The release of RHDV1 K5 – March 2017

To combat the threat of rabbits within Australia, the national release of a Korean strain of Rabbit Haemorrhagic Disease Virus, known as RHDV1 K5 took place in the first week of March, 2017.

This is the first time in 20 years that a new rabbit biocontrol agent has been released into Australia, however RHDV1 K5 is not a new virus; it is a strain of the existing virus already widespread in Australia, commonly known as calicivirus.

More than 550 sites across Australia were involved in the release of RHDV1 K5 and are working closely with Biosecurity Officers in their regions to ensure the best management outcomes.

Download the RHDV1 K5 Information Guide

They were asked to report any evidence of disease-affected rabbits in their local area.

Record rabbit activity and control in your local area using RabbitScan

How to conduct spotlight counts at your site
Rabbit counts can be done from a vehicle or on foot using either a handheld spotlight or powerful torch. All counts should be entered into RabbitScan.

How to lay RHDV baits on your site
The below video gives you information regarding the best practice techniques in how to achieve the best uptake of RHDV laced baits on your site.

It is also recommended to view the:

How to report dead rabbits or evidence of disease?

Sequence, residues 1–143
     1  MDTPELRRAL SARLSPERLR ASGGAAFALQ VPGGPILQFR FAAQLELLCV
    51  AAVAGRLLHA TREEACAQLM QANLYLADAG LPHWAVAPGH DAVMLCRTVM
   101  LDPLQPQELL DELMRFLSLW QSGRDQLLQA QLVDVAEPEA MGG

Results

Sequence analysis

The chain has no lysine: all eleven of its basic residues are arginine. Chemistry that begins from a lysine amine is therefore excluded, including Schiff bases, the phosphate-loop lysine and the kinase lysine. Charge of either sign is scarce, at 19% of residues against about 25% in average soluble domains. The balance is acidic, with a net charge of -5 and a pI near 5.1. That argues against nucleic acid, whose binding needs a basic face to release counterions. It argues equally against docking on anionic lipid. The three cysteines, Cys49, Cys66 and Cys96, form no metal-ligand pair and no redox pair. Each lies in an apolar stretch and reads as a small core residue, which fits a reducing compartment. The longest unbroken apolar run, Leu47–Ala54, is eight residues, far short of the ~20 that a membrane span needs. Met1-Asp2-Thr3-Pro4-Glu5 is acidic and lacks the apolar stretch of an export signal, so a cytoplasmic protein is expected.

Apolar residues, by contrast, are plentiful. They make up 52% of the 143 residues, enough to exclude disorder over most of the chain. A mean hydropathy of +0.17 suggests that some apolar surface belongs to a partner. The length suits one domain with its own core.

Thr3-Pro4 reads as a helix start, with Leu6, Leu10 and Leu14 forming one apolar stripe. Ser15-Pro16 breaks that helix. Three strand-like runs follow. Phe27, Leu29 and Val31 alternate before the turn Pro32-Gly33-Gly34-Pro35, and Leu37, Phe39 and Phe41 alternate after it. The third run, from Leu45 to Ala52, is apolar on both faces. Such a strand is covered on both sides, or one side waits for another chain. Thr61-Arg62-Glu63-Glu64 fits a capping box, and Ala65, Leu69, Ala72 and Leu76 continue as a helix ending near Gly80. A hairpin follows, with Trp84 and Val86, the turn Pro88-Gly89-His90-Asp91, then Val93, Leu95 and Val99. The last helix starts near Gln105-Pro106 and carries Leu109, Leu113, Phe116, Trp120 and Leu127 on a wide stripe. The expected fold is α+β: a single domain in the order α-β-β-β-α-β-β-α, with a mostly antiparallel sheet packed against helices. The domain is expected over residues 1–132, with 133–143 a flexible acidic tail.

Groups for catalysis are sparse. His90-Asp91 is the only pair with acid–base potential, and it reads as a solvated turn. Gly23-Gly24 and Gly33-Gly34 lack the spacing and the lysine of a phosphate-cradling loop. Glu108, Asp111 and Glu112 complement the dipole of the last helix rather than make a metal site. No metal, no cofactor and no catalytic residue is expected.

If you have found a dead rabbit or evidence of rabbit disease in your local area go to the RabbitScan Biocontrol Tracker, or submit a tissue/bone sample for testing.

How to submit a rabbit tissue or bone sample for testing
Once you have submitted your evidence of rabbit disease to the RabbitScan Biocontrol Tracker, it will give you the option of providing us with a tissue sample for further analysis.

If you select yes, you will be required to freeze the rabbit while an analysis kit is being mailed to you. Please read and follow the
sampling instructions documents when the kit arrives.

Undertaking fly trapping (optional extra)
If you would like to collect additional information during the release, you are welcome to collect flies. This is entirely optional. Flies (bush flies and blow flies) are known vectors of RHDV.  We know that there is enough virus in one fly spot to infect and kill a rabbit. To help us understand which RHDVs are already circulating in your area and whether the flies actually pick up RHDV1 K5, collecting flies over the course of the release is an additional activity you can undertake.